One of the extremely handy new features of Windows 10 is Game bar, a built-in tool that allows players to record videos of their favorite PC games (and beyond just games, it generally makes a great screen recorder and video capture tool for non-protected content, too!). The footage can be easily uploaded to assorted social networks, or kept locally on your own machine to share with friends.
To open the Game bar while playing a game, press Windows + G, and it will be unobtrusively superimposed over the game you’re playing. With some games that run in full screen mode, you may not see the Game bar appear when you press Windows + G. You can usually still record gameplay in this case, just use the hot key combination Windows + Alt + R to start recording, and then Windows + Alt + R again to stop recording. Your screen may briefly flash to indicate recording has started or stopped. Or, if you prefer, try setting your game to windowed mode if you want to make sure you can see Game bar.
Recording a Video
To record a video, simply open the Game bar (by hitting the Windows + G), and then click the red Record button. A timer will show up in the top-right corner of the game window; to stop recording, bring up the Game bar again and click the red Stop button. It’s really that simple!
To avoid unnecessary clickery, you can also start and stop recordings with keyboard shortcuts: Windows + Alt + R will start and stop, and if you’d like to hide or show the timer, hit Windows + Alt + T (these are the default keyboard shortcuts, and they can be changed in the Xbox app).
To quickly take a screenshot, bring up the Game bar and click the Screenshot icon at the center. This has a keyboard shortcut as well: Windows + Alt + Print Screen.
Videos and screenshots are immediately saved to your Windows 10 user account under VideosCaptures. Videos are saved as MP4 files, and screenshots are saved as PNG files – each tagged with both the game’s name and the date/time you captured them. From there you can share via email, social network, or any other way you’d like.
Conveniently, these videos and screenshots can also be accessed from the Xbox app. Just open the Xbox app from your Start menu, and click the Game DVR icon. A list of all your captured screenshots and videos will emerge under “On this PC,” and you can view, watch, and share them with your Xbox Live friends from within the Xbox app.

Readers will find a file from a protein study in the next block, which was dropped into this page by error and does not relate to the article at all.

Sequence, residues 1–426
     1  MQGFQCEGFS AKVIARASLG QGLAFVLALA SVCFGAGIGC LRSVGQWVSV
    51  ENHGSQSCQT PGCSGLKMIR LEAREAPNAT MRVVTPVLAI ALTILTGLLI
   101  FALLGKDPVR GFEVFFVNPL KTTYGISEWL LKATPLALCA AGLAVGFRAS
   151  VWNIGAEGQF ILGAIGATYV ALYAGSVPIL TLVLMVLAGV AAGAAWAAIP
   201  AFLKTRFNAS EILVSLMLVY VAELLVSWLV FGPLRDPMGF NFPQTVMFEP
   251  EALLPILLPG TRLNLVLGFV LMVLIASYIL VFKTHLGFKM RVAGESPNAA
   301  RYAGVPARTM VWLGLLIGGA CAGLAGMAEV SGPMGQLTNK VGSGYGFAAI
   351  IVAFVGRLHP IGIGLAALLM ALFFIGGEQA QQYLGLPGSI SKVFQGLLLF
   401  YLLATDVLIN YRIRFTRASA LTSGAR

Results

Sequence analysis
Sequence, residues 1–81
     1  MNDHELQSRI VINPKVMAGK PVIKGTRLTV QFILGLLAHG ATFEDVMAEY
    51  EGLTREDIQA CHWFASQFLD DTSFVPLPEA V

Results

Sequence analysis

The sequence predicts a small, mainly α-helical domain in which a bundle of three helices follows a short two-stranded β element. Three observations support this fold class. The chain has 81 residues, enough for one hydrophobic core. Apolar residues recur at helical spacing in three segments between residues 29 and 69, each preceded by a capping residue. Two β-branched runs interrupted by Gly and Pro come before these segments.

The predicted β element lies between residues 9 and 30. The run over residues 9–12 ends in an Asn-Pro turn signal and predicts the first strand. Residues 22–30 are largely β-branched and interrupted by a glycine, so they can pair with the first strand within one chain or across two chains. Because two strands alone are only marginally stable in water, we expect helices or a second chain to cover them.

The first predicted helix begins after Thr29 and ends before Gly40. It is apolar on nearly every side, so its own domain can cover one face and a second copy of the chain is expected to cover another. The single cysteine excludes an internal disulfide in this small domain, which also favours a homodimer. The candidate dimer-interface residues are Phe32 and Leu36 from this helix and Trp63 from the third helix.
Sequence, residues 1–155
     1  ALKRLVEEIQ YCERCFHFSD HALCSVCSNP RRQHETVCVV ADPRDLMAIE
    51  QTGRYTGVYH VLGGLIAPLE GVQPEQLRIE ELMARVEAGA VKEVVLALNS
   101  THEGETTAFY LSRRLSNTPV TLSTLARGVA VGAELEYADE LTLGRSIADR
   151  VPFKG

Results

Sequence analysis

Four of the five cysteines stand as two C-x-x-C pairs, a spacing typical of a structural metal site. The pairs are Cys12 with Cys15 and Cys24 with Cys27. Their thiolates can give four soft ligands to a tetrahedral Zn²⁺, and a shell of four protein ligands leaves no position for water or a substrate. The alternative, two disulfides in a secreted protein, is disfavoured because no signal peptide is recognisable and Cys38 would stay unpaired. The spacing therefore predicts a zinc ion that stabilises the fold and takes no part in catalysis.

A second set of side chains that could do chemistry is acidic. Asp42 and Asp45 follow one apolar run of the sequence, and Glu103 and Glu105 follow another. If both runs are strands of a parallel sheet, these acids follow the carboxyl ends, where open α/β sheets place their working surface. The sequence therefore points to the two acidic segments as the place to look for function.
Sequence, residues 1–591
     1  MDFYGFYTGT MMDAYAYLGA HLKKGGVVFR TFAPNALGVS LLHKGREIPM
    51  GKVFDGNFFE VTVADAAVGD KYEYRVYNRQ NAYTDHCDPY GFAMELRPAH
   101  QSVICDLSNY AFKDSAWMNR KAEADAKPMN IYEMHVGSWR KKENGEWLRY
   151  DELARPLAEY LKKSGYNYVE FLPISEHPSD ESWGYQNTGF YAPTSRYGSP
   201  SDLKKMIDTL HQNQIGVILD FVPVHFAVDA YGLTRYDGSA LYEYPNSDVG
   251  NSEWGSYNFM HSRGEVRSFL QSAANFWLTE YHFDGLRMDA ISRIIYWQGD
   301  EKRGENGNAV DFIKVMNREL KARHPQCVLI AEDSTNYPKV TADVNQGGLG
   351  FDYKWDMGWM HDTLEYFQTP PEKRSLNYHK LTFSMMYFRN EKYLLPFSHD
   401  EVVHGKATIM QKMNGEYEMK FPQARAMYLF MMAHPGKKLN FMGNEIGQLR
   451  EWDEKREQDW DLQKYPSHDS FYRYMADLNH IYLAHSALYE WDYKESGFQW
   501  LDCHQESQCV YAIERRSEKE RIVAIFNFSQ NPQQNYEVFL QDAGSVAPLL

Configuring Game DVR’s Settings
The Game bar and Game DVR settings are controlled from within the Xbox app. You can either access the setting directly from the Game bar to be taken there or open the Xbox app, click the Settings icon, and then select Game DVR to customize them.
You can do things like disable the Game DVR entirely, or set different keyboard shortcuts for the various bits of functionality. You can also specify the folders where Windows 10 will save videos and screenshots, as well as choose different video quality and resolution settings. Audio is recorded alongside gameplay by default, but you can adjust the audio quality (or choose to not record audio at all).
As is the case on Xbox One, Windows 10 can automatically record gameplay in the background, allowing you to instantly save gameplay clips after they happen. To use this feature, head to the Xbox app and enable the “Record in the background while I’m playing a game” under Game DVR settings. System resources will be allocated for this; if you’re running an older system, you’ll want to keep an eye on it. To save the last 30 seconds of gameplay, simply open the Game bar and click the second icon from the left, or press Windows + Alt + G.
Finally, when you’re ready to share your videos and screenshots with the world, simply upload them from your VideosCaptures directory to social networks like YouTube, Vimeo, Instagram, Imgur, or your online media-sharing platform of choice. Soon, everyone will know your greatness!